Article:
Scientists who used artificial intelligence to determine biological age differences driven by smoking have found that smokers age much faster than their peers. Smoking has long been proven to negatively affect people's overall health in multiple ways.
"Smoking is a real problem that destroys people's health, causes premature deaths, and is often the cause of many serious diseases," said Polina Mamoshina, a senior research scientist at Insilico Medicine in the US.
"We applied artificial intelligence to prove that smoking significantly increases your biological age," said Mamoshina.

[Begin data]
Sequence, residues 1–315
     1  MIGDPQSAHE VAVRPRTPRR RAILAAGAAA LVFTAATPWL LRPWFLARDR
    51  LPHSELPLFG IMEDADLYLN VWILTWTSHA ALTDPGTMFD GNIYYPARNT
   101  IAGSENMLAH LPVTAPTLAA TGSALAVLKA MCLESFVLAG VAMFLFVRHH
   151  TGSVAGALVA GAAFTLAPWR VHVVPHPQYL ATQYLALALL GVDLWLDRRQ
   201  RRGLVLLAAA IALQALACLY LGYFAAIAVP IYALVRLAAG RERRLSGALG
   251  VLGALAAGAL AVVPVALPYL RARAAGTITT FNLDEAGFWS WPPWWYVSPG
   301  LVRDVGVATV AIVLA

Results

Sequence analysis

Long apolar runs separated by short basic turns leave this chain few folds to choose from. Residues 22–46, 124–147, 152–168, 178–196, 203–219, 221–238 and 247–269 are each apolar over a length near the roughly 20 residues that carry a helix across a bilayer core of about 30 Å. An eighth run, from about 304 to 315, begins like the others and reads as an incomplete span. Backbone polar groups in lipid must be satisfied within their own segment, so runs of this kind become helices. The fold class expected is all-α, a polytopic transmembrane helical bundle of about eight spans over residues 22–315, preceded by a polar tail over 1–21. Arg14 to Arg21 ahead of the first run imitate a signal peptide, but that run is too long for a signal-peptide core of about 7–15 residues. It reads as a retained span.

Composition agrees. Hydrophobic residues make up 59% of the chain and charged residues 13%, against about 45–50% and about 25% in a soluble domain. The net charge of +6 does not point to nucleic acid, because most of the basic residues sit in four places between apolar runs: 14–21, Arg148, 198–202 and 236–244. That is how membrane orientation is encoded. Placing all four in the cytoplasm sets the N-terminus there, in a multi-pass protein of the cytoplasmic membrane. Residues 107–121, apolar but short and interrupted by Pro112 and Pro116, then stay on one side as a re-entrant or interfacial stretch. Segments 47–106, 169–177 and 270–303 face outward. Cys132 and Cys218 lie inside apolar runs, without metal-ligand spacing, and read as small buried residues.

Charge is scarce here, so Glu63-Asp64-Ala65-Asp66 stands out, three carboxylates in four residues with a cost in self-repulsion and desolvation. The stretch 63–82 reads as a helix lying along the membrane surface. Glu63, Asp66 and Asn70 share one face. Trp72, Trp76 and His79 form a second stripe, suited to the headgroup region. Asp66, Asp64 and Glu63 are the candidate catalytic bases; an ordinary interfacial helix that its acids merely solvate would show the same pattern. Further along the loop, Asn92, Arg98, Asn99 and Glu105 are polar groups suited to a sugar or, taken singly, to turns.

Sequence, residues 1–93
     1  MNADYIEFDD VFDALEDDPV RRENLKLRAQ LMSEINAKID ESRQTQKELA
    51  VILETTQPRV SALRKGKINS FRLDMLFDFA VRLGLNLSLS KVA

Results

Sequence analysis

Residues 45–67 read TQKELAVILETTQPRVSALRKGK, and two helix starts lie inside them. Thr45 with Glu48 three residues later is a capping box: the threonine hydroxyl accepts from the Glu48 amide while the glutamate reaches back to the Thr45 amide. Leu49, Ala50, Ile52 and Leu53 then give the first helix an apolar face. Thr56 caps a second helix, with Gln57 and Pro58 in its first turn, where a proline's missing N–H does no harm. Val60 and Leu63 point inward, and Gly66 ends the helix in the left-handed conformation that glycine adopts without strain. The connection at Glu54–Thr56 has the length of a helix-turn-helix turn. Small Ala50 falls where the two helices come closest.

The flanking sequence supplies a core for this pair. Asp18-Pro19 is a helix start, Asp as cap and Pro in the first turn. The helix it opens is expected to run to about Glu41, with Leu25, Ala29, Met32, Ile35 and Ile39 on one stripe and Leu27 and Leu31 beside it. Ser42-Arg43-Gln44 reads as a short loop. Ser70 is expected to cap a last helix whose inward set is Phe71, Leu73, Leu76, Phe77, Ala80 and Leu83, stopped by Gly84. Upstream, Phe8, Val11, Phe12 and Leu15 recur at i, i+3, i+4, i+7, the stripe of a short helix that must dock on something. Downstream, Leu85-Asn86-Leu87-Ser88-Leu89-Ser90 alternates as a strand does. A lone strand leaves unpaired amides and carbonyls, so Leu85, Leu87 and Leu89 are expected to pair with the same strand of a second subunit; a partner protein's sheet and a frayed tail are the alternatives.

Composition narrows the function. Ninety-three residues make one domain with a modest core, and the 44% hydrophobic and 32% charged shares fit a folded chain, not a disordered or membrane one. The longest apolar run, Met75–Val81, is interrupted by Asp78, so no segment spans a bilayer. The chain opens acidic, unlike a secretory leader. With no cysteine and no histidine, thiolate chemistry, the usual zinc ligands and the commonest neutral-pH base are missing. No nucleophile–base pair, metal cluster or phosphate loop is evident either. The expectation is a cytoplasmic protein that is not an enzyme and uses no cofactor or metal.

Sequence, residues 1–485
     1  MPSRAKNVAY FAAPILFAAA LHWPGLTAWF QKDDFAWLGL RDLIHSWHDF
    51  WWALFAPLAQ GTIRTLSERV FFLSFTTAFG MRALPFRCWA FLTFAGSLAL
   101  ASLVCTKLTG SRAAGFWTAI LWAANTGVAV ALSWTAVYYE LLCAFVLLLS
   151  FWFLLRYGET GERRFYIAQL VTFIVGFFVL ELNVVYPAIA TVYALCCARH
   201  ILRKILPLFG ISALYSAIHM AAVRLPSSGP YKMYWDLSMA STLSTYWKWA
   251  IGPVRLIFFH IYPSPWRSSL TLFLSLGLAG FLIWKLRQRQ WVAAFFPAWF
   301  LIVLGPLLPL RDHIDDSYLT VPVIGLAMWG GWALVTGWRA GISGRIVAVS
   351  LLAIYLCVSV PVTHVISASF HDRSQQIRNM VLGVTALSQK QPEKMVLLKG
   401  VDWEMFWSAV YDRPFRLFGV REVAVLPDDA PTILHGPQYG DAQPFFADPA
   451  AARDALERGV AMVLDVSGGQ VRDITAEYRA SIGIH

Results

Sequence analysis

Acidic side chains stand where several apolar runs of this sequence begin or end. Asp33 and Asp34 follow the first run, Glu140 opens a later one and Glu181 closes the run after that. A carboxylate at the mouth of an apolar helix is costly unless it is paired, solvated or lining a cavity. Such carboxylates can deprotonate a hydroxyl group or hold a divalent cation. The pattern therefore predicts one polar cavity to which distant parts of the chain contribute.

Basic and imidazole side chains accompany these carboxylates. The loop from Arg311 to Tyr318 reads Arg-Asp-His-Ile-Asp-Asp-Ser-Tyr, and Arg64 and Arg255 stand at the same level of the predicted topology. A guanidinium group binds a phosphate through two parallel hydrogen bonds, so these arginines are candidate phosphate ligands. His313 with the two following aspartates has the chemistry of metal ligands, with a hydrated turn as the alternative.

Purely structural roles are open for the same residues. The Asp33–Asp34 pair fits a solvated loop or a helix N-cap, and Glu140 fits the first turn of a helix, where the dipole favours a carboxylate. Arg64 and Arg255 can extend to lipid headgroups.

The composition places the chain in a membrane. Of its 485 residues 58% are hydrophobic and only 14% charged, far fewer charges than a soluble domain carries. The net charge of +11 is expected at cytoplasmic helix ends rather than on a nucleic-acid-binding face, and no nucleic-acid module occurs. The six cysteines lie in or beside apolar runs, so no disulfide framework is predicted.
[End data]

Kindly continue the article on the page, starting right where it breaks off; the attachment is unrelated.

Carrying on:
The study, published in the journal Scientific Reports, set out to determine biological age differences between smokers and non-smokers. The team evaluated the impact of smoking using blood biochemistry and recent advances in artificial intelligence.
By employing age-prediction models developed by supervised deep learning techniques, the study analysed a number of biochemical markers, including measures based on glycated hemoglobin, urea, fasting glucose and ferritin.
According to study's results, smokers demonstrated a higher ageing ratio, and both male and female smokers were predicted to be twice as old as their chronological age as compared to nonsmokers.
The results were carried out based on the blood profiles of 149,000 adults. Other findings suggested that deep learning analysis of routine blood tests could replace the current unreliable method of self-reporting of smoking status and evaluate the influence that other lifestyle and environmental factors have on ageing.